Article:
Listing of the suppliers I used for my build. Download the spreadsheet here. Any of the first three suppliers can supply all the components needed for a converstion. Price and availablity are the main differneces. The other suppliers are for all the other items that are required for restoring a car or building electronics.
320i Specs and EV Design
This 320i in fantastic condition was found on Ebay. The car had been stored for more than 15 years which is why it is in such good condition. It has many features that make it any ideal doner car for an electric vehicle conversion. First, it is very light, about 2500 lbs curb weight. Second, it has lots of room for placing batteries. Third, it basically has no computer systems for controlling the car. This BMW 320i is actually a 320i"s" for sport version. It has an upgraded suspension, a limited slip differential and the seats in the passenger compartment are "Recaro" seats - very tight bucket seat. Here is the link on Wikipedia for the 320 series.
Proform Vehicle Scale weight distribution after ICE component removal:
Left front = 403 lbs; Right front = 363 lbs Total = 766 lbs
Left rear = 509 lbs; Right rear = 502 lbs Total = 1011 lbs
Total weight = 1776 lbs, so based on a curb weight of 2452 lbs that means 675 lbs for the ICE components. Probably not all that weight just off the front end. Some weight was for the gas tanks and exhaust and drive shaft.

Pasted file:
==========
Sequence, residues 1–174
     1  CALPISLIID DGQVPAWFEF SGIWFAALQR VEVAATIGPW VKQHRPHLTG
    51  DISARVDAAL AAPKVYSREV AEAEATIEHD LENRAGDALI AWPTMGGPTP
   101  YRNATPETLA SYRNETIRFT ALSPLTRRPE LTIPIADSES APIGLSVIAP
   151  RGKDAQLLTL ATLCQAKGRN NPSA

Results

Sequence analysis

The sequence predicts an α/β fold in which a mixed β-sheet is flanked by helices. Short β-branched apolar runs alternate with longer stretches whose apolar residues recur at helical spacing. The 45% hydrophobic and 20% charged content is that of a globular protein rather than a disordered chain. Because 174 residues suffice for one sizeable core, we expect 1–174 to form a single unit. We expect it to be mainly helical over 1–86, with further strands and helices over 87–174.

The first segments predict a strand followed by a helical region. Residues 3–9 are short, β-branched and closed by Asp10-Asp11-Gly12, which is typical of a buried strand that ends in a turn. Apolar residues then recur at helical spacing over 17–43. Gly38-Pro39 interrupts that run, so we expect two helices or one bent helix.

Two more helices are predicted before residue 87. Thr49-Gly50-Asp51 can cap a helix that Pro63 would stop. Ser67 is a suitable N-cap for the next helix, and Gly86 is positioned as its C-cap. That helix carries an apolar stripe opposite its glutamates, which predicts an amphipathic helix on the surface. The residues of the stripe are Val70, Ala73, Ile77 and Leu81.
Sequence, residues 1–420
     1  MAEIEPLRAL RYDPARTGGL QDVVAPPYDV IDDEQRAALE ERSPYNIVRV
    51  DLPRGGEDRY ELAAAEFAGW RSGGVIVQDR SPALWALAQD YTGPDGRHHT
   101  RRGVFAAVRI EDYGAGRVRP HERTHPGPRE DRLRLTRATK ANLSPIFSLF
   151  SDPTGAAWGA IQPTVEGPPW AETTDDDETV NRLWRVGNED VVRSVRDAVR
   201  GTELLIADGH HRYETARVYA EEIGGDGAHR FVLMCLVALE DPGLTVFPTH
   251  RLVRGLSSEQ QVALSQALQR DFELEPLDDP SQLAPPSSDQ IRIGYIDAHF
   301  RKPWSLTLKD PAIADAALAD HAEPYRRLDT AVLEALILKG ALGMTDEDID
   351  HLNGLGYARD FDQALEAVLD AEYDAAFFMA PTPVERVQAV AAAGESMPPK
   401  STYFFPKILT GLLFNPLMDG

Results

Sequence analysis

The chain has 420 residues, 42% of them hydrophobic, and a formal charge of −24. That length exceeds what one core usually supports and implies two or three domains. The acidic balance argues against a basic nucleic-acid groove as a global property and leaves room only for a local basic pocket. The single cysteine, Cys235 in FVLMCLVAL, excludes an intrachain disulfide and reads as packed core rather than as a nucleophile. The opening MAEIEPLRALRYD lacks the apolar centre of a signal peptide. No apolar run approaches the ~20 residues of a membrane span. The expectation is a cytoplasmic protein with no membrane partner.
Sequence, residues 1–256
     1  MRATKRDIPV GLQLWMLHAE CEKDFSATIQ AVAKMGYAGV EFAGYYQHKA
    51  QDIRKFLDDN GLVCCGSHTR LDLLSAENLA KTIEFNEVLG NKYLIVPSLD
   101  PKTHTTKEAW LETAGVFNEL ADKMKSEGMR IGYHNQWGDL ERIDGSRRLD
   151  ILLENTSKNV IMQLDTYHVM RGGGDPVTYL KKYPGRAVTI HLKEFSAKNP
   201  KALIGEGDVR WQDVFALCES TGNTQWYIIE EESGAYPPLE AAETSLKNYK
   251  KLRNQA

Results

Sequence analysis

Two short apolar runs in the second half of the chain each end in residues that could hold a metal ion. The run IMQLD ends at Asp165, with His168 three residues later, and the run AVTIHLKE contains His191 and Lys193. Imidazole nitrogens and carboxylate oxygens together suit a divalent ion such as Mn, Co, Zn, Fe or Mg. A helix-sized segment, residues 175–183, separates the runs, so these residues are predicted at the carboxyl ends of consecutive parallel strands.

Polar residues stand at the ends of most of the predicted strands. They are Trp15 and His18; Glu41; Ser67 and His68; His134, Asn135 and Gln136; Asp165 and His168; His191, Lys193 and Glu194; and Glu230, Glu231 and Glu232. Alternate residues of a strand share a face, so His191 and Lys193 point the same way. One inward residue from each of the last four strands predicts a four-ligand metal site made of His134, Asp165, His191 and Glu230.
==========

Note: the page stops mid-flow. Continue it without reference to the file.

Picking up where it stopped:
18 cells in front between wheel wells = 80 lbs
Siemens motor and DMOC 645 = 320 lbs
48 cells under rear seat = 213 lbs
54 cells in trunk, over the rear axle = 240 lbs
Brusa charger in trunk = 13 lbs
Front added weight = 80 + 320 = 400 lbs
Rear added weight = 213 + 240 + 13 = 466 lbs
Front will also have water heating and cooling, brake vacuum and DC-DC converters, that will be at least 60 lbs and some of the battery weight under the rear seat will probably translate to the front wheels.
Just the batteries and motor and components weight added to the de-ICE weight gives 2642 lbs. The transmission, clutch and drive shaft weigh 108 lbs. Of course the battery boxes will add weight. The total conversion weight still should be well under 3000 lbs.
Post build note: weight is 2860 lbs with a 48/52 front/rear weight ratio.
Here is the design layout of most of the components for the engine compartment.
On an EV electric motors have to provide resources like heating and vacuum that were available on the ICE. So there is a vacuum pump and reservoir for the brakes and cabin controls and a heating unit and reservoir for the fluid to heat the cabin. The Siemens drive motor does not need much cooling, but the DMOC inverter does need to be cooled. So there is a pump and heat exchanger. The heat exchanger is a small radiator and it will sit directly behind the front grill. The radiator needs a fan for when the vehicle is not moving. The 320i has a fan that was intended to cool the evaporator coil for the air conditioning, even though there is no air conditioning on the car. But I found that the fan draws 25 Amps! A heat exchanger from Derale will be used instead. It only draws 5 to 6 Amps.
Below is how the actual build looks like. The Siemens motor is below the DMOC so it cannot be seen. Water pumps are also below as well as the main contactor box. There is no heating reservoir as I am using PTC heater elements to heat the passenger compartment.
Below is the latest upgrade. The DMOC and GEVCU were replaced with a ScottDriver controller system. The Control Electronics have also been removed as all that functionality is contained in the Scott Drive.
Below is the wiring schematic for the complete design. A larger view of this diagram can be seen in the photogallery.